Installing a New Queen Bee to Change Genetics
Requeening Italian Package Bees for Greater Success in Northern Climates
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The Right Race for Your Climate
Something else to consider is whether or not particular races of bees are best suited for you and your area. Traits like environmental resistance, production, temperament, disease resistance — to things like tracheal and varroa mites — and swarm rates can all impact success and/or lead to failure overwintering bees in cold climates. While all honey bees have similar traits and are all classified as the same genus and species, there are many different “races” of bees available: Buckfast, Carniolan, Caucasian, Cordovan, German, Italian, Russian, etc. Geographic races of bees were/are developed over time in their home environment through natural selection and each possesses characteristics that make them different from each other. These differences are important when choosing your bees.
Here in New England, you will find that nearly all package and nucleus bee colonies readily available are Italian honey bees transported from southern states. They are the most popular and common bees available in the United States. Packages are available much earlier than 5-frame nucleus colonies, and they are usually $120-160. In comparison, 5-frame nucleus colonies are very limited, are not available until mid to late May, and are $175-225. While I have only bought 5-frame northern survivor hybrid “nucs” bred for this particular climate, nearly everyone I have chatted with this past winter who lost bees keeps Italian honey bees. These same beekeepers were all having poor and sometimes absolutely no success with overwintering their bees in the Northeast.
Are Italians the Best Option for a Colder Climate?
This ultimately made me question whether or not Italian honey bees are an appropriate race for colder climates. What are the main reasons many beekeepers lose bees in New England in particular? The cold and an observed inability to effectively form a winter cluster. The bees starve because they eat honey stores too quickly or their winter bee cluster was too small, causing the inability to move to food sources within the hive in colder temperatures.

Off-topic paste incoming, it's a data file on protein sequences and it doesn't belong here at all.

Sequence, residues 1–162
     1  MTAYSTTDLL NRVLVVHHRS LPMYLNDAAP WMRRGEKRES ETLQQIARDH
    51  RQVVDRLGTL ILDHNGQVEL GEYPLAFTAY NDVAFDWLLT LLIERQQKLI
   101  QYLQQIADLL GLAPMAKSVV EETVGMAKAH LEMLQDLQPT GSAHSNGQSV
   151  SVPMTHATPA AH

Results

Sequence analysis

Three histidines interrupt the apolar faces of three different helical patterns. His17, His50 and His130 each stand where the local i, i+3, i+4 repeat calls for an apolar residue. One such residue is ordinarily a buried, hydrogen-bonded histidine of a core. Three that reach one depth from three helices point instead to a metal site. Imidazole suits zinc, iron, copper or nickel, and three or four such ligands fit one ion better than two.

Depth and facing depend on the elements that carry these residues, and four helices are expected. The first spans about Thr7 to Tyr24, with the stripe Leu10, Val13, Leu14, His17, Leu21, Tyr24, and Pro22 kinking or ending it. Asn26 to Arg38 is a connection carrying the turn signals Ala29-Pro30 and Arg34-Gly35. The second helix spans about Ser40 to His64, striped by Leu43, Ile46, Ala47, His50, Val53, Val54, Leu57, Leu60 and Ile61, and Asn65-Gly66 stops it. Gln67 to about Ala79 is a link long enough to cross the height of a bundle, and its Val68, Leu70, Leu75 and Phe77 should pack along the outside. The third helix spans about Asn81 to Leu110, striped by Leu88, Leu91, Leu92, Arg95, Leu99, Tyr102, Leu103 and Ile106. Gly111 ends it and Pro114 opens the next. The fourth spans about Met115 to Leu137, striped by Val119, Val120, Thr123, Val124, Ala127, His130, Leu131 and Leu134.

Based on what I have learned, Italians are not the best for overwintering in colder climates. While they are easy to handle and are good honey producers, transported Italian package bees sometimes arrive stressed with parasites and mites, and they have characteristic tendency to go into winter with an average population. This population size may be fine in warmer climates, but a larger winter bee cluster is needed during cold winter months to survive in the Northeast.
After searching, the only bees I could find available locally in early April were 3-pound Italian Honey Bee packages; not the kind of bees I’m used to and not the genetics I particularly wanted. So, I started thinking again and researching a way to work with availability and the Italian bees.
Changing the Genetics of the Colony
How do colony genetics work beyond races? Is it possible to buy one kind of bee package, and somehow change the genetics of the hive to another race of bees?
After reading research by Erin Forbes of Portland, Maine, my questions were answered.
Requeening for Colder Climates
Changing genetics (and achieving diversity) can be achieved by installing a new queen bee or “requeening.” Throughout her 2 year study through NESARE (Northeast Sustainable Agriculture Research and Education program), Erin found that Italian packages requeened in June with a northern survivor queen resulted in increased colony strength and survivability.
In order to the change the genetics of the hive by requeening, I will be installing a new queen bee in each Italian honey bee hive with a Northern Survivor Hybrid (a mix of Russian, Carniolan, Purvis Golden, and Canadian Buckfast) and Carniolan Hybrids. If you’re interested in requeening, you can research techniques as well as honey bee characteristics that are best for your area. Queens can be purchased locally or a new queen can be shipped to you from an apiary. Since the hybrid queens I’ve chosen are already mated with a diverse gene pool of drones, all eggs laid — queen bee fact: a queen can lay up to 2,000 eggs a day — and brood hatched will also be Northern Survivor or Carniolan hybrids. Going into winter, all bees in the hive will be the selectively bred hybrids appropriate and successful in Northeast climates.
With this knowledge, I purchased two 3-pound Italian packages on April 1st. Of course, spring in New England hasn’t been favorable this year and nearly everything has gotten a late start. However, the bees are healthy, have been foraging and building up their hives with brood and drawn comb for the last 45 days. I plan on installing a new queen — when queens become available — and I’ll be documenting the process, successes and failures throughout summer and into the colder seasons!
One thought on “Installing a New Queen Bee to Change Genetics”
A friend keeps requeening a hive that I believe was caught in a swarm trap. The hive seems to keep swarming and he keeps requeening. Why do they keep leaving? I think opening the hive every 10-14 days is why they bolt, but he insists not.